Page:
5 Ways Eastern and Western Cultures Compare and Contrast

Hi! My name is Bry, and this is my guest post for littleadventuresblogger. After studying abroad in India last semester and studying abroad in Thailand this semester, I’ve noticed some of the key cultural differences and similarities between the East and West and wanted to share them! My main blogging is primarily travel photoblogging, but I also enjoy urban life and the things that come with that such as art, food, music, and more!

Grandpa, Ko Lan, Thailand

Respect and Collectivism


In most Western cultures, independence and individuality are idealized. We are expected to stray from our parents at a young age, with some students going to college preparatory boarding schools. In many European countries, students will take a gap year in which they travel by themselves before attending college. In contrast, family is prioritized much more in Eastern cultures, with most college students living at home if their campus is located nearby. In Western culture, it is typical for families to place their elders in facilities where someone else looks over them, whereas in Eastern culture elders are given the utmost respect and are taken care of by their children.

Lotus Temple, Trivandrum, India



The link between culture and religion in Eastern society is much more prevalent than that of most Western society. In Thailand, most people are Buddhist like their parents; in India, Hindu; in Malaysia, Muslim. In the United States and many European countries, people do not share the same views as their parents, and this often leads to a lack of spirituality and direction.

Hell, MBK, Bangkok, Thailand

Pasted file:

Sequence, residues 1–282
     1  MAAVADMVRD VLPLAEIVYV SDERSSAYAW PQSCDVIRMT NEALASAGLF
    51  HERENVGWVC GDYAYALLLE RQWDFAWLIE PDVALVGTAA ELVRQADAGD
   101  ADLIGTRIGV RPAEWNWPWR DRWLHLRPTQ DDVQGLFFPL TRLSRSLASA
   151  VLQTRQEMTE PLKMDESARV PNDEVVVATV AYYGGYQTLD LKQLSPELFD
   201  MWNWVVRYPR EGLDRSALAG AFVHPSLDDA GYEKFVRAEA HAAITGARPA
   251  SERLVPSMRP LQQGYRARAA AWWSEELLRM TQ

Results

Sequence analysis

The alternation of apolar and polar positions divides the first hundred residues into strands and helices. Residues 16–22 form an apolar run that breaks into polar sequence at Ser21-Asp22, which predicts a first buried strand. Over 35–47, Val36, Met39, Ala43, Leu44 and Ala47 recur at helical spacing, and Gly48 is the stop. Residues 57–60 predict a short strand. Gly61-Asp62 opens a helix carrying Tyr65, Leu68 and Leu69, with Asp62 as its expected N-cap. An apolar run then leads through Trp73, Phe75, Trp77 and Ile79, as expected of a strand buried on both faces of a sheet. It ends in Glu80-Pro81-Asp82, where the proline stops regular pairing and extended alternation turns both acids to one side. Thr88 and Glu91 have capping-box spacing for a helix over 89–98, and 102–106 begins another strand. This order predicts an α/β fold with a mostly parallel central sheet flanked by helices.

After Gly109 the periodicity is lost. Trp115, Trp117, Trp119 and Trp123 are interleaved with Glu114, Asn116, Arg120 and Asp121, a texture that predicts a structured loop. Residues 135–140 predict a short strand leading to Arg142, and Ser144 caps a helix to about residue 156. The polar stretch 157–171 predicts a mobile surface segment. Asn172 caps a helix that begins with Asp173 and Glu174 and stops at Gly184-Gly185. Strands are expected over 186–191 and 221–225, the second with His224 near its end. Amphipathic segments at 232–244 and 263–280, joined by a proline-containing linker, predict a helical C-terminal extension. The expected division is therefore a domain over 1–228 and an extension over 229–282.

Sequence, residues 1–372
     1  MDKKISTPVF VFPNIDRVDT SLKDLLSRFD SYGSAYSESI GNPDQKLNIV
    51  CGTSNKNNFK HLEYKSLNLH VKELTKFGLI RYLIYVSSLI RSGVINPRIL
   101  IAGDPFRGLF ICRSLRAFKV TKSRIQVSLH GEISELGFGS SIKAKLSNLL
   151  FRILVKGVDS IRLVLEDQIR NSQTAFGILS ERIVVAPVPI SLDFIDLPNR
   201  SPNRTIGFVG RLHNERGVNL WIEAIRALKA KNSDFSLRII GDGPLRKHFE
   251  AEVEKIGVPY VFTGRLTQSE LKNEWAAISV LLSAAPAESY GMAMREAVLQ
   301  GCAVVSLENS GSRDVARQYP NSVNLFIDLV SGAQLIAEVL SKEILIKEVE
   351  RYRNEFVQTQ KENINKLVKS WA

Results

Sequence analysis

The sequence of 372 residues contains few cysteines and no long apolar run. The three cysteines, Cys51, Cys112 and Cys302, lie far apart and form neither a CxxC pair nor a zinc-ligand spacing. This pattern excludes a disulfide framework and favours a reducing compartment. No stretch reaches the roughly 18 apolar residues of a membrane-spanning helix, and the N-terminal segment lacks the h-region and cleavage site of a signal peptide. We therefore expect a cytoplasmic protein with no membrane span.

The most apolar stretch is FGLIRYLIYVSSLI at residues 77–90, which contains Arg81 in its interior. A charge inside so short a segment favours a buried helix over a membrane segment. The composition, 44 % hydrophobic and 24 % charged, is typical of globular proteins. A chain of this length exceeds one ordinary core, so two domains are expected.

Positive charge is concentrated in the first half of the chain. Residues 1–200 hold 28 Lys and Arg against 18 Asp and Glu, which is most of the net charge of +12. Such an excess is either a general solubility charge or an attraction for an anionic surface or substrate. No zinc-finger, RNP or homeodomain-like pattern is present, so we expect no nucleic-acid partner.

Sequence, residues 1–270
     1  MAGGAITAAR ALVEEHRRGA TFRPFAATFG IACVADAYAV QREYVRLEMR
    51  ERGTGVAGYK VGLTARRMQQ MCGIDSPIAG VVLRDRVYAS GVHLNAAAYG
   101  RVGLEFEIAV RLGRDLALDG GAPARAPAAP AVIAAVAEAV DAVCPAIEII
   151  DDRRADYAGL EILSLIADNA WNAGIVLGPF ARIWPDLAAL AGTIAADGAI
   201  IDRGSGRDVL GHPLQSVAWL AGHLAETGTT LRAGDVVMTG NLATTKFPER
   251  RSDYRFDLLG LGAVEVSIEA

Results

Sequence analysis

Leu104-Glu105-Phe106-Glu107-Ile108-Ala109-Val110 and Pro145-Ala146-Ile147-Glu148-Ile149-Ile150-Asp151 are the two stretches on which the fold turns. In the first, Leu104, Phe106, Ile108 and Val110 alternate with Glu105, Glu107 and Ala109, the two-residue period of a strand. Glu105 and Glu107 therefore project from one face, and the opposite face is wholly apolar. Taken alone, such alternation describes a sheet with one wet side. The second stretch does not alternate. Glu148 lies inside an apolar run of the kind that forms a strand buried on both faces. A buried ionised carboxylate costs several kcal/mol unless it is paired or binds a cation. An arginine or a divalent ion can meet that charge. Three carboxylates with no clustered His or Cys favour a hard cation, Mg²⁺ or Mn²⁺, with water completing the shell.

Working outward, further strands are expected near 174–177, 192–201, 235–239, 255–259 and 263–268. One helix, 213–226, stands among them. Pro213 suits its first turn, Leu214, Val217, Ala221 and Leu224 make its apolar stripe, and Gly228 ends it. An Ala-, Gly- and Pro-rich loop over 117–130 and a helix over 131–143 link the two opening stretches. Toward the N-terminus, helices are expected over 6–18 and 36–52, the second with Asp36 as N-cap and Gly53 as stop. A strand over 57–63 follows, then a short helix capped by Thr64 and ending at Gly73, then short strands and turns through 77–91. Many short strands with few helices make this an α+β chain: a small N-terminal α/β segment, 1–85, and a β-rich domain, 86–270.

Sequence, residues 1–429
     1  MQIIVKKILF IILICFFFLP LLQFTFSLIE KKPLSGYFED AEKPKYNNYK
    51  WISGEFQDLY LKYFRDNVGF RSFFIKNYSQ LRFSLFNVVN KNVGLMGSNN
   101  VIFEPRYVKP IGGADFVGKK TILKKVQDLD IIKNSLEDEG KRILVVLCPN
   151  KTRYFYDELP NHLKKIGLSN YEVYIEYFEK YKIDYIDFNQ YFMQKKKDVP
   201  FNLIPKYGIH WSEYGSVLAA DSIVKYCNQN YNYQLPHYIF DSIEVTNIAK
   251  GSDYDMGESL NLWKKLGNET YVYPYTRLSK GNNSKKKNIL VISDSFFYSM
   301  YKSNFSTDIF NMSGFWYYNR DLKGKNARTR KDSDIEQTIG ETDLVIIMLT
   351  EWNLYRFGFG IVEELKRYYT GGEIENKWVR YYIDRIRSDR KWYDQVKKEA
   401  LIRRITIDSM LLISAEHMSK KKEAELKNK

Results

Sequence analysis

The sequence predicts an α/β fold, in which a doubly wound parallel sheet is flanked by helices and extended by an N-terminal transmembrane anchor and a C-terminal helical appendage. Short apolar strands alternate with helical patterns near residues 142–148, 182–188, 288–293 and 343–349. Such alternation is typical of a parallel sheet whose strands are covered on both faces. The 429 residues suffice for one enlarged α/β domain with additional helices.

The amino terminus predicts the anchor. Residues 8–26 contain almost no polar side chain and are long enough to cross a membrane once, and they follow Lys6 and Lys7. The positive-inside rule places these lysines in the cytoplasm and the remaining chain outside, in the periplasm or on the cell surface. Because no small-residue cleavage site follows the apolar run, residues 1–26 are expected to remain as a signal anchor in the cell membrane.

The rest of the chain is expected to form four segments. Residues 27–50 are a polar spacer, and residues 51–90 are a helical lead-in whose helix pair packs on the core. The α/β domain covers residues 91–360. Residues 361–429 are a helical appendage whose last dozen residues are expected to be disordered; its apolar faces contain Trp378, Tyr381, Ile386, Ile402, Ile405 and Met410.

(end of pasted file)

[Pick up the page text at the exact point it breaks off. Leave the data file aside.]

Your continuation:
Millennial Behavior


It is interesting studying in Thailand- a developing nation which is starting to take cues from America in fashion and technological habits. Similarly as in the United States, most teenagers are addicted to their cell phones, although less so here. People are more quiet with people they do not know, but will generally talk to others, whereas in much of America people are more likely to judge each other. So, while in Thailand people are generally more friendly, there is a similar millennial trend in America in which people use their cell phones rather than talking to each other.

Jazzie, Munnar, India



Yes! With Westernization and technological advances, the selfie and social media applications such as Instagram, Snapchat, and Facebook are huge in many Eastern countries such as Thailand, Malaysia, Singapore, and India (although banned in China).

Almina, Kerala, India

Female Rights


In most Eastern cultures, womens’ priority is taking care of the family, and sacrificing professional life to rear children. Women in the West are much more liberated and free to decide her priorities both professionally and personally, such as picking her career or when to marry or even bear children.

Som, Kanchanaburi, Thailand

Management of Emotions


In the West, people usually do not smile very often, and it is very common for people to openly express their anger or frustration through yelling, fights, frowns, etc. In the East, even if you are unhappy, it is expected for you to give your best smile regardless instead of dwelling on what is making you unhappy.

Want to hear more about travel that makes you think? Head to my Instagram and my blog.

Author: Victoria Moorwood

Victoria Moorwood is a freelance writer and multimedia journalist. She has worked for print, TV, online and radio media. She mainly covers music and entertainment news and has interviewed X Ambassadors, K Camp, Rapsody, lil aaron, Sheppard, Dirty Heads, COIN, Creed Bratton (The Office), Citizen, Rozes and many more. She also writes about travel and has produced televised sports news.


Fill in your details below or click an icon to log in:

WordPress.com Logo

You are commenting using your WordPress.com account. Log Out /  Change )

Google photo

You are commenting using your Google account. Log Out /  Change )

Twitter picture

You are commenting using your Twitter account. Log Out /  Change )

Facebook photo

You are commenting using your Facebook account. Log Out /  Change )

Connecting to %s